Chile Stocks Surge as Communist Knocked Out of Presidential Race
(Bloomberg) -- Chilean assets bucked a global sell-off after a communist presidential hopeful unexpectedly lost a primary vote before the country’s November election, making room for a more moderate candidate to move forward.
One-time student protest leader Gabriel Boric won the far-left vote with 60.4% of support, beating Communist Party candidate Daniel Jadue, a front-runner who had spooked financial markets with calls for radical economic reform.
Chile’s benchmark stock index closed up 1.9% on Monday, the biggest gain in the world, while yields on government bonds fell.
Among right-wing contenders, former government minister Sebastian Sichel, who has called for keeping the country’s pro-market economic pillars intact, won with 49.1%. He defeated three other candidates, including Joaquin Lavin, one of Chile’s best-known politicians. Both Boric and Sichel will now advance to the first round of presidential elections on Nov. 21.
The primaries give investors a glimpse at the balance of power between the political left and right ahead of a presidential election that remains open. It’s also the latest blow to Chile’s traditional parties amid lingering social discontent.
“Voters saw that Jadue was radical and intransigent in his proposals and ended up associating him with political practices that are rejected today,” said Kenneth Bunker, a political analyst and founder of polling electoral website Tresquintos.cl. “Boric has capacity for dialogue and the ability to establish agreements. Lavin lost because people want new faces. They saw political renewal in Sichel.”
Roughly 1.8 million votes were cast in the far-left primary, while over 1.3 million voted in the right-wing contest, according to government electoral body Servel. About 21% of Chileans who were allowed to vote ended up participating in the primaries.
Boric, 35, is a prominent member of a newer generation of lawmakers that has shaken up Chilean politics. He became known while leading nationwide protests starting in 2011 that called for free and high-quality education.
He ran successfully as lower house deputy in 2013 and was later re-elected to his second term in a landslide vote. More recently, Boric helped forge a political agreement for a referendum on the nation’s constitution.
“Don’t fear the youth who want to change this country because we learn from the mistakes and the good choices of those who came before us,” Boric told supporters late on Sunday. “If Chile was the cradle of neo-liberalism, it will also be its tomb.”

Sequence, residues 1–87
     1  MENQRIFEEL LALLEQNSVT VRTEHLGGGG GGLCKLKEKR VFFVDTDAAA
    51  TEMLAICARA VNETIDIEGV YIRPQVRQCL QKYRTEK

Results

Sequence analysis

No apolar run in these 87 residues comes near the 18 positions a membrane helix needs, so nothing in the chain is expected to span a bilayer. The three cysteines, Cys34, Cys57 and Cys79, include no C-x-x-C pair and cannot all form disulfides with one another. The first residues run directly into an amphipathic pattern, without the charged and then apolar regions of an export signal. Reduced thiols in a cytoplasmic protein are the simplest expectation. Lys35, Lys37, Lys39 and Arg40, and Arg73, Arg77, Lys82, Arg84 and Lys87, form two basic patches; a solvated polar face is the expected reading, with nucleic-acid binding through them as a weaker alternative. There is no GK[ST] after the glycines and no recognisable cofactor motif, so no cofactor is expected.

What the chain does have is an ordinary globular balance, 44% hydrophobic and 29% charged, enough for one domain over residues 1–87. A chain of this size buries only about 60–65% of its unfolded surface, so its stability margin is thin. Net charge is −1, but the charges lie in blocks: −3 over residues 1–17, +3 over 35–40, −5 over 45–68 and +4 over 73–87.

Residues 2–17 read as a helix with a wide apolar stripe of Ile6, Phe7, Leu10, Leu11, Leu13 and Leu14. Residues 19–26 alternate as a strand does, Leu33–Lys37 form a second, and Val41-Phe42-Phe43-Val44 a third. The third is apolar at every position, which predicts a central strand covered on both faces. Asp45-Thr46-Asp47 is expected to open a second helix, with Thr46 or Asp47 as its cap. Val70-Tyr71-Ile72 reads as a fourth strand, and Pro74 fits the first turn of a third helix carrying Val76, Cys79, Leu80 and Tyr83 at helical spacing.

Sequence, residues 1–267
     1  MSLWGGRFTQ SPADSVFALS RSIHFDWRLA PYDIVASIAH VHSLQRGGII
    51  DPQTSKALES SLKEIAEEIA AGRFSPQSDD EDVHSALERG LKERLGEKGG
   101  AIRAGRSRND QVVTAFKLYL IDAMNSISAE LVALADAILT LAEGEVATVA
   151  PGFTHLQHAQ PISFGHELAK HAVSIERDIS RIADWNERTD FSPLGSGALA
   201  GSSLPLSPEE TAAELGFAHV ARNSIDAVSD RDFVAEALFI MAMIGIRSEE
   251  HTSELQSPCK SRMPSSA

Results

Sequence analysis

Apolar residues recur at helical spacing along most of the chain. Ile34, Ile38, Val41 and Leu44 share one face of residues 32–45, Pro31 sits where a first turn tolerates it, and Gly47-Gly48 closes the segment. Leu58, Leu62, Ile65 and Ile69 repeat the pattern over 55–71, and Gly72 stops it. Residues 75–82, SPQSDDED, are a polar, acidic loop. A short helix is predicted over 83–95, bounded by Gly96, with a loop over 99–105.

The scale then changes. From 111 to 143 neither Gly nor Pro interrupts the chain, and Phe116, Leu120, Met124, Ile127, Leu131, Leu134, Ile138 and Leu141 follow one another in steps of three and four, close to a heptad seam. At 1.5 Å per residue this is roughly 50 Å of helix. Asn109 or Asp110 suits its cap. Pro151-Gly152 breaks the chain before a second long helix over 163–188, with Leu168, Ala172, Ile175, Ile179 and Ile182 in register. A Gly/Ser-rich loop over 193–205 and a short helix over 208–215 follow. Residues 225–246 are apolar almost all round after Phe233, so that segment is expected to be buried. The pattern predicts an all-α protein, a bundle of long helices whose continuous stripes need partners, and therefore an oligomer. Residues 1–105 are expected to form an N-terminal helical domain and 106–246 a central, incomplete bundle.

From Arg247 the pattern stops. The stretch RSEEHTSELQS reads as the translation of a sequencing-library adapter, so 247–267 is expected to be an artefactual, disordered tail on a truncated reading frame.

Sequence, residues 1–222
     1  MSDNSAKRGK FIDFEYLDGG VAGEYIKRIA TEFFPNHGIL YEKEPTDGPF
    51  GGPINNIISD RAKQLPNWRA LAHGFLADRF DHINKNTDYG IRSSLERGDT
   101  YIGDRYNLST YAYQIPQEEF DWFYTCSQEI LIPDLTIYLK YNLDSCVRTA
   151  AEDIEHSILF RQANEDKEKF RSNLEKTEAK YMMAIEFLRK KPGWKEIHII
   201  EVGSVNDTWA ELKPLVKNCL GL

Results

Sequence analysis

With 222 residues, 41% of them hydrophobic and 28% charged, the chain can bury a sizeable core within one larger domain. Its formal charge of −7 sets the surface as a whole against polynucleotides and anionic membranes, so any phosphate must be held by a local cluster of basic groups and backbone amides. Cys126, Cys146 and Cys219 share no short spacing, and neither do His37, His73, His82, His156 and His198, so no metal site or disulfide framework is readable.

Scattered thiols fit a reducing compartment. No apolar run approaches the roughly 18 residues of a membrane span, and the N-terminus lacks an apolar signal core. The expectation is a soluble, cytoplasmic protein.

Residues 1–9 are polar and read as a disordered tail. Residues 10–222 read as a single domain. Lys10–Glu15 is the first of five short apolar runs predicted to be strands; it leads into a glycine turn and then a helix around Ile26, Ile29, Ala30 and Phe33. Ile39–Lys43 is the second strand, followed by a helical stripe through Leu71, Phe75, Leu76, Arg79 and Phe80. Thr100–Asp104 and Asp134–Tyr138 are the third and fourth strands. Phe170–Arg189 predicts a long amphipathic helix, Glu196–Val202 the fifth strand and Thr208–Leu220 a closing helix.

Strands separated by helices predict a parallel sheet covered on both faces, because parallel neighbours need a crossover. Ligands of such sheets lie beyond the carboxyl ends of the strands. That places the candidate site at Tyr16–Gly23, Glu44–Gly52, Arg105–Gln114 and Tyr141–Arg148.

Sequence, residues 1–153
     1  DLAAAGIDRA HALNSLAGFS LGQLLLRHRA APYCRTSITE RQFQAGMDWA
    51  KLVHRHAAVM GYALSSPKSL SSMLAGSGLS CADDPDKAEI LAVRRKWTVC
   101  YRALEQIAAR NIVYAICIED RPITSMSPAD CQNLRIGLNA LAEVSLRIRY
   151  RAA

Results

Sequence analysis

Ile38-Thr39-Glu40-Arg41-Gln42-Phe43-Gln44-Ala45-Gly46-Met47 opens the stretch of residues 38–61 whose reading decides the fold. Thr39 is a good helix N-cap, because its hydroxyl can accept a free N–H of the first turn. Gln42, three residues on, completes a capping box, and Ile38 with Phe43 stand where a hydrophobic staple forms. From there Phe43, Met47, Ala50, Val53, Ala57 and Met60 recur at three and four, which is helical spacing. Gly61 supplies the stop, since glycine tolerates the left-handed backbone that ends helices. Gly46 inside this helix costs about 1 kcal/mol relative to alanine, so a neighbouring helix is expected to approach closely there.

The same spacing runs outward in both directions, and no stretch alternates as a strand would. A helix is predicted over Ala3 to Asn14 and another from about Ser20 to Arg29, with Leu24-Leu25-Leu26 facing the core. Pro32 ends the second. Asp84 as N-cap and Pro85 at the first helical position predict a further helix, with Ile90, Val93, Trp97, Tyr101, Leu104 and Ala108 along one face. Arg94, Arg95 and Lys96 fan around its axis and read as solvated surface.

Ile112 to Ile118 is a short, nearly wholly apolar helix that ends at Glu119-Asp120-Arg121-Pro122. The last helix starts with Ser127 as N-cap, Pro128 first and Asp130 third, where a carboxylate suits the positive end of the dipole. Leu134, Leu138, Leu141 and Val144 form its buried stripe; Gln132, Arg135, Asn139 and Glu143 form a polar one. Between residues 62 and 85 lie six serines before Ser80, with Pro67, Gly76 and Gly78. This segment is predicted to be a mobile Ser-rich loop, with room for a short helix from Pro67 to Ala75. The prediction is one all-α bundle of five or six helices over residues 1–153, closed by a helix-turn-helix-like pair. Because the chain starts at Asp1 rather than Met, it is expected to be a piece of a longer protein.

Sichel, 43, has sought to broaden his appeal by running as an independent candidate while boosting his ties with conservative parties. In 2018, he was tapped to help run economic development agency Corfo and later commanded the social development ministry, where he helped establish an emergency cash transfer program for poor families.
Chile’s economic model can be improved from within, and does not need radical reform, Sichel said in an interview last month. He has called for boosting cash transfers and improving public services.
“We are a coalition that is prepared to win the presidential election,” Sichel told supporters. “We know our plans are the best for Chile’s future.”
Numerous public opinion surveys carried out in June showed both Boric and Sichel placing second in their respective primaries.
Going forward, both may also be challenged by other candidates in November. The traditional center-left parties that ruled Chile for much of the past 30 years following the end of the Augusto Pinochet dictatorship did not put forth contenders for the primary, yet may compete.
Within this group, former government spokeswoman Paula Narvaez, from the Socialist Party, has already launched her candidacy. Senate President Yasna Provoste, who is from the Christian Democrat party and consistently ranks high in polls, may follow suit.
Meanwhile, on the far right, Jose Antonio Kast of the Republicanos Party confirmed he plans to run. The presidential contest will likely go to a runoff in December.
Chile’s next head of state will oversee the rewriting of the constitution and a nationwide referendum on the document. The winner will also face challenges such as rising debt stemming from emergency aid during the pandemic and demands for increased social spending following the 2019-2020 unrest.
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